Human Events Blog

Early signs and portents on Election Day

Update: Brit Hume on Fox News notes that Mitt Romney is “holding up pretty well among households with a government employee,” which could have repercussions in Virginia.

Update: Rich Lowry of National Review relayed some early voting data that the Romney campaign finds “encouraging.”  Among the more interesting findings: Republicans appear to be over-performing their absentee ballot share in 95 of Iowa’s 99 counties, and actually outperforming the excellent 2004 returns in 75 of those counties; Democrats appear to have “cannibalized their base” to boost early turnout in their Iowa strongholds.

Red counties in Florida are reporting record turnout levels… but the Republican turnout in bellwether Pasco County is also said to be overwhelming Democrats by “nearly two to one,” while activity looks to be down in Democrat-friendly Miami-Dade.

Although Nevada was looking dicey for Romney at the dawn of Election Day, it appears that vote totals in the Democrat stronghold of Clark County are “lower than expected,” while turnout in Republican-friendly rural counties is high.

34 counties in Ohio where McCain won in 2008 are reporting at least a 20 percent increase in absentee and early votes over 2008, while only 9 of Obama’s 2008 counties have reported similar surges.  Ari Fleischer, George W. Bush’s press secretary, said on Twitter that “my sources who know Ohio are telling me turnout is equal to and greater than Bush 2004.”

Western Pennsylvania, whose coal industry has been targeted for destruction by Barack Obama, is “turning out in historic numbers.” The bellwether Northern Bucks County is “coming out strong for the GOP,” and Republican stronghold areas are also looking good.  A similar pattern of strength in Republican areas is reported from Virginia.

Update: On CNN this afternoon, Paul Begala discussed the apparent drop in enthusiasm for Obama among younger voters, and called it “concerning” to the President’s campaign.

Update: Some turnout information in Ohio, courtesy of the Republican National Committee: Geauga County, which John McCain won with 57 percent of the vote in 2008, reports 125 percent of its 2008 early voting totals; while Athens County, which Obama carried strongly in 2008, is down by 10 percent.

Update: Here’s the reception Mitt Romney got when he arrived in Pittsburgh.  That’s a parking garage stuffed full of people waiting to greet him.

 

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It takes a lot of anecdotes to accumulate into critical mass and become “data,” and in any event we’ll know the election results soon enough.  But an interesting account comes from a correspondent in Wisconsin who proved an invaluable source of information during the Scott Walker recall drama: “Liberal areas of the state are seeing very light turn out, much lighter than for the Walker recall.  Conservative areas are seeing very heavy turnout, far heavier than for the Walker recall.  I think we are seeing a continuation of the “recall” against Gov. Walker, only it is in the form of voting for Romney, only this time, the Dems aren’t showing up.”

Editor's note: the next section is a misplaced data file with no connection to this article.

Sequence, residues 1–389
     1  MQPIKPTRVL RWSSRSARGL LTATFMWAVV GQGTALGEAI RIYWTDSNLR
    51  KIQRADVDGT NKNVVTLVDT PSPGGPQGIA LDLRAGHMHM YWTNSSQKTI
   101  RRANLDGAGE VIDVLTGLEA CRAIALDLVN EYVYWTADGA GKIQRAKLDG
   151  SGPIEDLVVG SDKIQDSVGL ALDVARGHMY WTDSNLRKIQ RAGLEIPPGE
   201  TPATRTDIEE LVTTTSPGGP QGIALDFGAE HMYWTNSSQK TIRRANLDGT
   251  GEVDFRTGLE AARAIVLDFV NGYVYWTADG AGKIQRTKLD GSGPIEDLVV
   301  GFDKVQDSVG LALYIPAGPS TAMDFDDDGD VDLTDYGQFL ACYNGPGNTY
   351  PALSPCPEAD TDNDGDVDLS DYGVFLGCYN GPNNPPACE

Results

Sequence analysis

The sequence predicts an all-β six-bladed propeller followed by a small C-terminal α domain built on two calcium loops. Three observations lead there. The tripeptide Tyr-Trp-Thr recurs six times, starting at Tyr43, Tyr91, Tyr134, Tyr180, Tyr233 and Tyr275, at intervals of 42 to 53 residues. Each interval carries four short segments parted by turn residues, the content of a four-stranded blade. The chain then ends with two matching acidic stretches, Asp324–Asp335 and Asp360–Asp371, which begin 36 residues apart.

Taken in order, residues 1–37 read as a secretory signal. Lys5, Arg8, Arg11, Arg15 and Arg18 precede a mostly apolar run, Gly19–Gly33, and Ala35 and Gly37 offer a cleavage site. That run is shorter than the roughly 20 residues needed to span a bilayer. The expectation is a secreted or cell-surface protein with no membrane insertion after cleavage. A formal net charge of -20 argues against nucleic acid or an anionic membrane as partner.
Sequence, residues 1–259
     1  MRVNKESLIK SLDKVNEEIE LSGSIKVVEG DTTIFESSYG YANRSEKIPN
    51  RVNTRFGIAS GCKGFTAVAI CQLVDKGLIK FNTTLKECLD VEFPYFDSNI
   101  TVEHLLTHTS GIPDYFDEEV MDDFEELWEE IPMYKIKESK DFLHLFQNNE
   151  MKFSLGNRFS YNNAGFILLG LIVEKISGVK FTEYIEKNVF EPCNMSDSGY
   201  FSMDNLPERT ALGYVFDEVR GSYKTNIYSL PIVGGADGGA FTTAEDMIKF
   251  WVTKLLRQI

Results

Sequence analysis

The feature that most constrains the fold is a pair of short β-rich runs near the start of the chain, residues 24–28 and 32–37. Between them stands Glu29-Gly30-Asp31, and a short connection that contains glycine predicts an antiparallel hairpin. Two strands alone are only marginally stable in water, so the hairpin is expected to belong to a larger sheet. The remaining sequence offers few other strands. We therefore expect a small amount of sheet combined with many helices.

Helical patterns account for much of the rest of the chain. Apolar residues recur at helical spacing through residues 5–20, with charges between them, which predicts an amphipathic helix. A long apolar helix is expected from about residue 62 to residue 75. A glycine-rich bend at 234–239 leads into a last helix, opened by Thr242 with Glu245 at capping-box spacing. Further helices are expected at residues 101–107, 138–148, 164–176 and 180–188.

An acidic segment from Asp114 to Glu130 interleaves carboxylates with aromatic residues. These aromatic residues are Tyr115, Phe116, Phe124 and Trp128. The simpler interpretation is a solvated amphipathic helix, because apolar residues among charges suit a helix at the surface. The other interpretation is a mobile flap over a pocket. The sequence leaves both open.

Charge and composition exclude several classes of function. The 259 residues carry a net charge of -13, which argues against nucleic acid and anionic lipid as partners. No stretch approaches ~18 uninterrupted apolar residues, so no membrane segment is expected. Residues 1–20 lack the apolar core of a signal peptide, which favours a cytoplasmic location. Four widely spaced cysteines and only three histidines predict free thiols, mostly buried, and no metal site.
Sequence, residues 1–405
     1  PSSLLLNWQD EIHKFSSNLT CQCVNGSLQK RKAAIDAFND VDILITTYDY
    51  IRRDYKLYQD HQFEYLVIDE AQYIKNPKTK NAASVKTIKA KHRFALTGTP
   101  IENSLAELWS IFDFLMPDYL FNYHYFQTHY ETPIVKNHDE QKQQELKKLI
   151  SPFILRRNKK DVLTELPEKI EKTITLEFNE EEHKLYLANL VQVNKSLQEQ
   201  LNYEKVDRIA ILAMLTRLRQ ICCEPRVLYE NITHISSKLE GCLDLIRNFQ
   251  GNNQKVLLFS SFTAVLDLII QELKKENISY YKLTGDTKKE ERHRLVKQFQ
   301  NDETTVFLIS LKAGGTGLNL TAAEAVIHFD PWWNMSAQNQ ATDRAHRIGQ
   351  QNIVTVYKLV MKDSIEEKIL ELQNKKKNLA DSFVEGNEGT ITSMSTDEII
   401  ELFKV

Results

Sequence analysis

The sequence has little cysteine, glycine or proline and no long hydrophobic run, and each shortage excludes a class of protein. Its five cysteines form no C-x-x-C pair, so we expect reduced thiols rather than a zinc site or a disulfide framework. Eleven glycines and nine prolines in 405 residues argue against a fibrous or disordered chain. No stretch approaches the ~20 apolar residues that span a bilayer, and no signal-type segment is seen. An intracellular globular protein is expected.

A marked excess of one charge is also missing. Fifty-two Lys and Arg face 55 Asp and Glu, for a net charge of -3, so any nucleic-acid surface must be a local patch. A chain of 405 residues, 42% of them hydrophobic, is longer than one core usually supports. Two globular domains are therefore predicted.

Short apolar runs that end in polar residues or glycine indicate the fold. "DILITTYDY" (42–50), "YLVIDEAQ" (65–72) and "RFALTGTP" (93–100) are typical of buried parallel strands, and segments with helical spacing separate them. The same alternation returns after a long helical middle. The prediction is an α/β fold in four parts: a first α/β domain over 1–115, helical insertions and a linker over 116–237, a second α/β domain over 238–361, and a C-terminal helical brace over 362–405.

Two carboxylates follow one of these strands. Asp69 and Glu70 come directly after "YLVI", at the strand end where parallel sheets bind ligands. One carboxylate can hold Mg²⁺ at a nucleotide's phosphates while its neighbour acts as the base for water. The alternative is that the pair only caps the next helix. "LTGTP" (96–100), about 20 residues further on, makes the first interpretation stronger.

He also reports seeing a healthy number of college students holding Romney/Ryan signs, and relays local talk radio discussions reinforcing the impression of great enthusiasm in Republican areas of Wisconsin, while activity in Democrat strongholds such as Madison and Milwaukee is down.

Meanwhile, in Colorado, early voting numbers put Republicans about 3 percent ahead.  A well-pleased Romney campaign notes that Democrats had a 1.3 percent edge in 2008.

Jim Geraghty at National Review checks in with news from Ohio: “Obama is under-performing in Kerry-Obama counties, and Republicans are outperforming in McCain 08 counties. As of yesterday, in swing Hamilton County, there are 1,000 fewer Democrat and 800 more GOP early/absentee votes than at this point in 08.”

For whatever it’s worth, Mitt Romney isn’t taking Election Day off.  CNN notes that he “will embark upon a last-minute push for votes in Ohio and Pennsylvania,” stops which were added to his schedule on Monday afternoon.  The Romney campaign says the purpose of these stops is primarily to thank volunteers for their efforts.  It’s tough to say whether last-minute campaigning is a sign of desperation, a serious bid to tip close races, or perhaps even an effort to generate good “optics” by reminding voters of Romney’s work ethic.

 

 

 

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